External HDD Encrypted the right way...


Jan 28, 2015
Ok, well i don't have the answer, as i am seeking it but here's what i got so far...

1- I have External Hdd(500gb) usb3-connector
2- I have Bitlocker(seems to be where truecrypt ended up so did I)
3- I have a password for bit locker (that's a given)
4- I am forced to make a recovery key for bitlocker (Why would i want a 2nd password???)
5- I don't have a Bait&Switch protection (cannot find anything about that and that bugs me)

1st Question:
Who will inform me, when Microsoft inject its backdoor or masterkey to bitlocker (isn't "trust" the whole point to begin with?)

2nd Question:
Recovery-key... isn't that just a second password? why would i want a 2nd password? when does it end? I don't want a recovery key, but Bitlocker forces one on me!

Now this is a big deal, because by reading it seems that the first password is the useless one... and really only the recovery key can deal with all situations, like formatting and system switch or domains.(i am not running a company so all i need is one password and 2nd password is statistically raising the risk factor considerably.. Plus Microsoft recommend to not lose your recovery-key but also to make many copy of it and upload it to 3rd party(them) cloud storage... that's plain stupid!)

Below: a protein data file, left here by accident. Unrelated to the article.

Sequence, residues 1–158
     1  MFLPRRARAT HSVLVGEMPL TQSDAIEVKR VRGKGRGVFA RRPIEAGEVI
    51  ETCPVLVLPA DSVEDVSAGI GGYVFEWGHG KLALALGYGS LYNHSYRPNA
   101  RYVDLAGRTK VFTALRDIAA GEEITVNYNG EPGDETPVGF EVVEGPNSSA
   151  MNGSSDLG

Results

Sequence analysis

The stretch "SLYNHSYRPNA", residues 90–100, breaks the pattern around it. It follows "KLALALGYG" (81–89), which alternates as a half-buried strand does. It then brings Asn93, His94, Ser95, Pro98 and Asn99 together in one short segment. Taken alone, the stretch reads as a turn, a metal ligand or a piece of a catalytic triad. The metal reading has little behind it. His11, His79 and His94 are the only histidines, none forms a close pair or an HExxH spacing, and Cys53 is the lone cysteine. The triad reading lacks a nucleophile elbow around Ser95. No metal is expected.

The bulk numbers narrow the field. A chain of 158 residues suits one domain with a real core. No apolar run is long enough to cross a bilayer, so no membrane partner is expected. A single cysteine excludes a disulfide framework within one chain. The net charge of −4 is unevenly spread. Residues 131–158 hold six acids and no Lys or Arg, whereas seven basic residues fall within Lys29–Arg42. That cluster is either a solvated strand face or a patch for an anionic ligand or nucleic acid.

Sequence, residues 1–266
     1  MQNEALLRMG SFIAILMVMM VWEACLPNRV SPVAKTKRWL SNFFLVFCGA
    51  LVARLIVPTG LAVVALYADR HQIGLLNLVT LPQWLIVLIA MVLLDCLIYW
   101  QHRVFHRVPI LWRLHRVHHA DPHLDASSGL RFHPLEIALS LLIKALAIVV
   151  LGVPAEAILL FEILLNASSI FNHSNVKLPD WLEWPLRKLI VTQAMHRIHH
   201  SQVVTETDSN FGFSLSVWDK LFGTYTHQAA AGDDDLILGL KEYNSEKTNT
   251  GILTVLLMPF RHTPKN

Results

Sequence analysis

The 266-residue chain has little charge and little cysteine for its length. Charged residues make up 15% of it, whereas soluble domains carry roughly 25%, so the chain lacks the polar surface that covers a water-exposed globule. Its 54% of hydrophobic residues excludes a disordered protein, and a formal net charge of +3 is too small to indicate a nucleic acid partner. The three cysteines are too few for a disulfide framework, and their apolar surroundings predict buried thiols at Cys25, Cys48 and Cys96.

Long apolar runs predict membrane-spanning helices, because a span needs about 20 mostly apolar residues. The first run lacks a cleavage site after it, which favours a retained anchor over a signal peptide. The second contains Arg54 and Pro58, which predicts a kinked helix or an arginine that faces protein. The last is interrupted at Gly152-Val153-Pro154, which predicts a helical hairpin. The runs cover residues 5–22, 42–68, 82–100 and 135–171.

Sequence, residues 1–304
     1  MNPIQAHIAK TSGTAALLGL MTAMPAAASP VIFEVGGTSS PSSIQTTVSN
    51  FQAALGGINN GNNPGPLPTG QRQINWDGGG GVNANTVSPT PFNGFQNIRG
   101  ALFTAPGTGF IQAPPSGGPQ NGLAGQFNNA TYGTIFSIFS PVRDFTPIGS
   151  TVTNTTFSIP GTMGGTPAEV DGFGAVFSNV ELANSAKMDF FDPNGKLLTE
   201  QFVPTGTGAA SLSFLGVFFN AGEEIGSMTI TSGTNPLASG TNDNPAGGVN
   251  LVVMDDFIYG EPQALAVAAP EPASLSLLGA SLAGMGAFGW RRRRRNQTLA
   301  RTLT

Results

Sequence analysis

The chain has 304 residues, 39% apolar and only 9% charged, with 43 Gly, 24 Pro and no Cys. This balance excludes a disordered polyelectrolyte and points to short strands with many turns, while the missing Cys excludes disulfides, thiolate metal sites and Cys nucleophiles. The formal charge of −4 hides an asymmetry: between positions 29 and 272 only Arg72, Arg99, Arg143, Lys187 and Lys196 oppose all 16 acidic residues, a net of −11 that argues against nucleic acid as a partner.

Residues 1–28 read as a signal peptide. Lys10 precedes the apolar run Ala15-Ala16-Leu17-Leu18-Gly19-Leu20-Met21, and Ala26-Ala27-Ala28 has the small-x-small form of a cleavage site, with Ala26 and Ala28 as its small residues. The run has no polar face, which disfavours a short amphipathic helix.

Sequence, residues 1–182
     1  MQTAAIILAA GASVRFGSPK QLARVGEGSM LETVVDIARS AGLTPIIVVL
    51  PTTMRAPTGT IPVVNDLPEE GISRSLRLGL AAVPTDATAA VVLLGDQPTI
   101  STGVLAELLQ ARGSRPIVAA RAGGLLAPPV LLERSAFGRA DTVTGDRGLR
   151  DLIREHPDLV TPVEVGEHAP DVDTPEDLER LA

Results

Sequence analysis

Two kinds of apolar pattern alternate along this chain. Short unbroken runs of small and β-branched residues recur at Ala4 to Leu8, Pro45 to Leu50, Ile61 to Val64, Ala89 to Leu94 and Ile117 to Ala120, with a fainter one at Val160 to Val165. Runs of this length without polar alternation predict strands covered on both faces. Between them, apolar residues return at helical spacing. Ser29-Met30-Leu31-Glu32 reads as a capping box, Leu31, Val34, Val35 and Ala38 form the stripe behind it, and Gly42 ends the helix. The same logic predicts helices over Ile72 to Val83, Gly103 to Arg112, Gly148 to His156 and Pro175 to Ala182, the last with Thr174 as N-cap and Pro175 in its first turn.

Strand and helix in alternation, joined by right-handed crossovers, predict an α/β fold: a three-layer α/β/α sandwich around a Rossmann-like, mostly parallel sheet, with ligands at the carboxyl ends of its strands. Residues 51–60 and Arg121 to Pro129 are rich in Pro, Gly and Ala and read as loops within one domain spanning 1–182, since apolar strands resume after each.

Am I alone to think that there is something wrong with the "recovery" of encrypted files?

3rd Question: (follow up on the above)
II read about formatting hdd that stop the password from working and that the recovery was needed... if it's the case, i use external hdd so i assume i am ok, but can i JUST USE ONE PASSWORD FOR ALL?? No recovery, no password stopping, no blockage, no exception??

4th Question:
Bait and switch.... A must! So you think the cops wont put a gun to my head if they want my HDD... I live in Asia, they DO!

I need to a minimum a dummy password that will unlock a fake content! so that truly no-one can get to my encrypted stuff.

That's it ;-).... I know it;s huge, but it does cover all aspect of a "Perfect Setup"

1) You cannot, unless it is open source and you read through it yourself, then compile it using a compiler you trust, and the compiler is itself compiled by a compiler you trust... which all ends up in a mess of recursion.

2) The recovery key also skips steps such as TPM authentication (if your PC has this, and it's enabled and used). Otherwise you wouldn't be able to access anything if you changed hardware. If you're thoroughly paranoid, go out into the woods somewhere and bury it.

3) If you format an encrypted HDD, like a normal HDD, the data is probably gone excluding some difficult recovery methods, made more difficult by the encryption. If it's not a boot drive, you aren't going to need a recovery key to get around TPM issues.

4) Just use truecrypt. Just because they've stopped development doesn't mean there are holes in it, and there are still copies around.